Pentagon and State Department officials have asserted the president has the legal authority to indefinitely keep US forces in Iraq and Syria. However, saber-rattling from Trump’s advisers toward Iran has prompted new focus on Capitol Hill regarding the boundaries of existing war authorizations.
“This body, Democrats and Republicans, can in eight months debate the costs and consequences of the wars that we’re engaged in,” Lee said. “We have have been missing in action, we have abdicated our responsibility. We have a job to do for the American people.”
The panel also passed Maryland Democrat Rep. Dutch Ruppersberger’s amendment to end US military support for the Saudi-led military campaign in Yemen. Operations against al-Qaida, cooperation with Israel and intelligence gathering to counter threats in Yemen are exempted by the amendment.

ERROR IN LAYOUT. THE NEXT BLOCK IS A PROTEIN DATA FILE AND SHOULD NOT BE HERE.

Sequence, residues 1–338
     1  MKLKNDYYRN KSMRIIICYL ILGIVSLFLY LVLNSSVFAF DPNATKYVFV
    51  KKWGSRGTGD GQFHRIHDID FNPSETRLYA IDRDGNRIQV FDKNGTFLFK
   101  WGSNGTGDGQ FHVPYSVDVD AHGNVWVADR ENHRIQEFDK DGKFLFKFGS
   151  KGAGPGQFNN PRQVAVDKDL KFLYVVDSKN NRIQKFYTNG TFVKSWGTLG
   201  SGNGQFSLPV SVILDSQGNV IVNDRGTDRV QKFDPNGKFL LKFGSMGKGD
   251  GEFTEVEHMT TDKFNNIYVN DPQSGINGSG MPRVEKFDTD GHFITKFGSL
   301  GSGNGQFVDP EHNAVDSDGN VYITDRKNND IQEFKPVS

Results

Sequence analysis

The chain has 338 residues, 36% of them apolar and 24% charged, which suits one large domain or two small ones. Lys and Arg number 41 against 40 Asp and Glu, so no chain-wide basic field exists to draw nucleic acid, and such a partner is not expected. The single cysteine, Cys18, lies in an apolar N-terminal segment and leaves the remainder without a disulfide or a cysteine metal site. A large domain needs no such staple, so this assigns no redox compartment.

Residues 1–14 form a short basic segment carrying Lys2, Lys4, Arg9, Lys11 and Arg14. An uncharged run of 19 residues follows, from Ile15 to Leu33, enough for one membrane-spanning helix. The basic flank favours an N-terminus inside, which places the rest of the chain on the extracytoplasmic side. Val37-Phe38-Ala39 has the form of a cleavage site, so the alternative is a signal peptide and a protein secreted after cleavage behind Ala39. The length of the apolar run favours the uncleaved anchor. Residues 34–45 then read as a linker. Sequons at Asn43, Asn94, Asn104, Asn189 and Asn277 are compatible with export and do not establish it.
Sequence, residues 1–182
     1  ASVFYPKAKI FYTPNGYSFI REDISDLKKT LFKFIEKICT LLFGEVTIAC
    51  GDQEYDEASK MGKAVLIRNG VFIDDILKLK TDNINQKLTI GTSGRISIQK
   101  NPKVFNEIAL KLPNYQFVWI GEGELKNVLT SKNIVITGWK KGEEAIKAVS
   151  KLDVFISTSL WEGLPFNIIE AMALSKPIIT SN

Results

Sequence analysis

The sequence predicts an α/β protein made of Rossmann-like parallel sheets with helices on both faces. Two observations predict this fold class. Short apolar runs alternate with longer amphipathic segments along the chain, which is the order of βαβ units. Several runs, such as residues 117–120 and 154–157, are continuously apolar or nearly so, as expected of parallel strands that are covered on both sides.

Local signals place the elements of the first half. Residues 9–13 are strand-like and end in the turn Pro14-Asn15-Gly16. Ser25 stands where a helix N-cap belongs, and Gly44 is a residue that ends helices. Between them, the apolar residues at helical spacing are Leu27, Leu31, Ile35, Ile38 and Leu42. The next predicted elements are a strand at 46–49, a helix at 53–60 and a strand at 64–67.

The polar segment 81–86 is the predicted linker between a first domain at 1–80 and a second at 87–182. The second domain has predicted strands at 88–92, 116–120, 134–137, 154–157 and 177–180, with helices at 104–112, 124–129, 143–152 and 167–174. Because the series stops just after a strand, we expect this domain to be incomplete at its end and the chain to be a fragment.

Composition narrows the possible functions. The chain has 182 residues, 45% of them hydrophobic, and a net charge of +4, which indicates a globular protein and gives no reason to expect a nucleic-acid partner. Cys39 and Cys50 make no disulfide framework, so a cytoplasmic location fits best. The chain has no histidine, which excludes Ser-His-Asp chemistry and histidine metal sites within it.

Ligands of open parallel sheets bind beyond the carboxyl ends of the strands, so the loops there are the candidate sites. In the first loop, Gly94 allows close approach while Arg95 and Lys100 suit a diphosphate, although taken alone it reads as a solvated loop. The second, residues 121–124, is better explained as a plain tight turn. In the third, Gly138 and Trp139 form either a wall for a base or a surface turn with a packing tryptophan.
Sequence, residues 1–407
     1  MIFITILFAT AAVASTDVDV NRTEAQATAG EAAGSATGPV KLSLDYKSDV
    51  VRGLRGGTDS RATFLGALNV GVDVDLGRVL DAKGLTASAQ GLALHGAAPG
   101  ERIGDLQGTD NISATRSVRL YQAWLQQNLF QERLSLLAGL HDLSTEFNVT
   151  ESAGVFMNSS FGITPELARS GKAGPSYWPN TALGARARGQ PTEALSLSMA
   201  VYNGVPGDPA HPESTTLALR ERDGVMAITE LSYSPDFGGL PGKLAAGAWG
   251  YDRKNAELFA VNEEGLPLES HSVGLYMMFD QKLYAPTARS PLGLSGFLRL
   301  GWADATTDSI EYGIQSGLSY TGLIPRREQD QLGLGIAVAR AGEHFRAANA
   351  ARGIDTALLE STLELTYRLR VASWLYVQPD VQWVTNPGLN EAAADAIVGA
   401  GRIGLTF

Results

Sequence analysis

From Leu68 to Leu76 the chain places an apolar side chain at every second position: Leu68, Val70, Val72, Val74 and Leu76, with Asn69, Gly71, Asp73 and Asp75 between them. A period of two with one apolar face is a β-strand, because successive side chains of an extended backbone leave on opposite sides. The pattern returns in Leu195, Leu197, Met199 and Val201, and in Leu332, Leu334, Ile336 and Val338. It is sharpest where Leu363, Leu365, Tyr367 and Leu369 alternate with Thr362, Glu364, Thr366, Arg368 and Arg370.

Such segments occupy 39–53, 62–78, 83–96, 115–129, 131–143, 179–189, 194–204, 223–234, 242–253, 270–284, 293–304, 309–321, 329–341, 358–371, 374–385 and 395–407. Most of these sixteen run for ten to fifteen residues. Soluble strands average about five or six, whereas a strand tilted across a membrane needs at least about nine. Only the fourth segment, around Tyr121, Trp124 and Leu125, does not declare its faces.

Panel Republicans again backed Trump, who last month vetoed a congressional resolution that invoked the War Powers Act to end US involvement in the Saudi-led war in Yemen. The House subsequently failed to override the veto.
The committee voted down a Republican amendment that would have added $8 billion across each of the services’ operations and maintenance accounts, under the cap-exempt wartime budget.
“I see that leaders on both sides of the aisle are beginning the conversation on a caps deal. That’s good, but here we are in our sixth markup today and we still do not have real figures with which to mark,” said the amendment’s sponsor, Rep. Steve Womack, R-Ark., the House Budget Committee’s ranking member.